Brown v. Dynamic Pet Products, LLC et al
ORDER: Defendants' motion to dismiss (Dkt # 10 ) is denied. Signed by Judge William Q. Hayes on 10/18/2017. (mdc)
UNITED STATES DISTRICT COURT
SOUTHERN DISTRICT OF CALIFORNIA
STEPHANIE BROWN, on Behalf of
Herself and All Others Similarly
CASE NO. 17-cv-0659-WQH-DHB
DYNAMIC PET PRODUCTS and
FRICK’S MEAT PRODUCTS, INC.,
17 HAYES, Judge:
The matter before the Court is the motion to dismiss pursuant to Federal Rule of
19 Civil Procedure 12(b)(6) (ECF No. 10) filed by Defendants Dynamic Pet Products and
20 Frick’s Meat Products, Inc.
21 I. Background
On March 31, 2017, Plaintiff Stephanie Brown commenced this action on behalf
23 of herself and others similarly situated by filing the Class Action Complaint in this
(ECF No. 1).
On May 25, 2017, Defendants Dynamic Pet Products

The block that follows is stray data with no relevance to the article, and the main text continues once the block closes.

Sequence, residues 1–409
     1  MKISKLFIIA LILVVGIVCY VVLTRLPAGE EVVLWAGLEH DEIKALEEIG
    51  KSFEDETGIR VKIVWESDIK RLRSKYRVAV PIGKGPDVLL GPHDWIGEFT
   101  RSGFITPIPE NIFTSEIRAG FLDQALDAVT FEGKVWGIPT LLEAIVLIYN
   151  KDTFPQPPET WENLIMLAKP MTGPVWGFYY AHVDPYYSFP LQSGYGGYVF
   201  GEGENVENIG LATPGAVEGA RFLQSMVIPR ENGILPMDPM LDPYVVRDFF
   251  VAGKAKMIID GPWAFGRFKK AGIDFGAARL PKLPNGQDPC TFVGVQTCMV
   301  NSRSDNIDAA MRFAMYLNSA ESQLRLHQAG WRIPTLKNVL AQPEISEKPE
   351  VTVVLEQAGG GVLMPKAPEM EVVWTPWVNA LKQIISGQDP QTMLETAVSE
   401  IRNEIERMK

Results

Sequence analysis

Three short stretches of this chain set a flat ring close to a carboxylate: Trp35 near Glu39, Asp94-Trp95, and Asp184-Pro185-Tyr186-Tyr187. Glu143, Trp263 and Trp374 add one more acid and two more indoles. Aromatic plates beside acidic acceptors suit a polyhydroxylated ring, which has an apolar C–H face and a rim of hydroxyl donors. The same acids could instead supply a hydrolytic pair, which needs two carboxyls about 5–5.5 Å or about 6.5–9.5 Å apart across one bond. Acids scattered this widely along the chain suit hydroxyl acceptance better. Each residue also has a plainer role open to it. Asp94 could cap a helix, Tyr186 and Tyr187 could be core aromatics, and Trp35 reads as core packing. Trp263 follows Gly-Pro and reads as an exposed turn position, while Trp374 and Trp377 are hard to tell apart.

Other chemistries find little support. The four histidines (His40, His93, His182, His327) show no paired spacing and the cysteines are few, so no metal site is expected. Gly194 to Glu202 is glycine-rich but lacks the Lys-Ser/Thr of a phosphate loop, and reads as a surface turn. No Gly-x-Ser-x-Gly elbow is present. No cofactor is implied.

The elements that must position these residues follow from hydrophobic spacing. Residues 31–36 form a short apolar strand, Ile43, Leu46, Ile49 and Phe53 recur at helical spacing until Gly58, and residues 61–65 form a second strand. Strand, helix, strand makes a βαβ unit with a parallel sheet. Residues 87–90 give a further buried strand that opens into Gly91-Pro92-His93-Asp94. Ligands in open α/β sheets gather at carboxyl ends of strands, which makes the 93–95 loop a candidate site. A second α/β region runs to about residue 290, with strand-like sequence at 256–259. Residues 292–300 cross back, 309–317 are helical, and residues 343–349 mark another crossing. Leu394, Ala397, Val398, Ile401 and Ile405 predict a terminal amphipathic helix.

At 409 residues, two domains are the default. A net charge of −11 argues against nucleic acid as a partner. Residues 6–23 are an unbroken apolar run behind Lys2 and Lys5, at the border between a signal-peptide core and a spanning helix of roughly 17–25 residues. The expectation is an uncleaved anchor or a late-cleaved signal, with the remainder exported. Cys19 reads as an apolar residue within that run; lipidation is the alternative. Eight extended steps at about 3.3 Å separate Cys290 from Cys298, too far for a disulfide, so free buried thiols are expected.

25 (“Dynamic”) and Frick’s Meat Products, Inc. (“Frick’s”) filed the Motion to Dismiss
26 pursuant to Federal Rule of Civil Procedure 12(b)(6). (ECF No. 10). On June 19, 2017,
27 Brown filed a Response to the Motion to Dismiss. (ECF No. 11). On June 26, 2017,
28 Defendants filed a Reply to Brown’s Response. (ECF No. 12).
1 II. Allegations of the Complaint
This is a consumer protection class action arising out of
misrepresentations and omissions made by Defendants Dynamic Pet
Products, LLC and Frick’s Meat Products, Inc. regarding the Real Ham
Bone For Dogs. Frick’s is a meat product manufacturer. In an effort to
profit from the waste produced by slaughterhouses and meat
manufacturers, Frick’s or its principals created Dynamic to sell waste ham
bones to pet owners. Through Dynamic, a wholly owned subsidiary of
Frick’s, Defendants manufacture, market, and sell the Real Ham Bone For
Dogs as an appropriate and safe chew toy for dogs. Indeed, on each
product label and as the name suggests, Defendants explicitly market the
Dynamic Real Ham Bone For Dogs as a chew toy for dogs.
(ECF No. 1 at ¶ 1) (emphasis omitted).
Dynamic and Frick’s are the alter egos of one another and operate
as a single business enterprise for the production, marketing, and sale of
the Real Ham Bone For Dogs. Dynamic and Frick’s share the same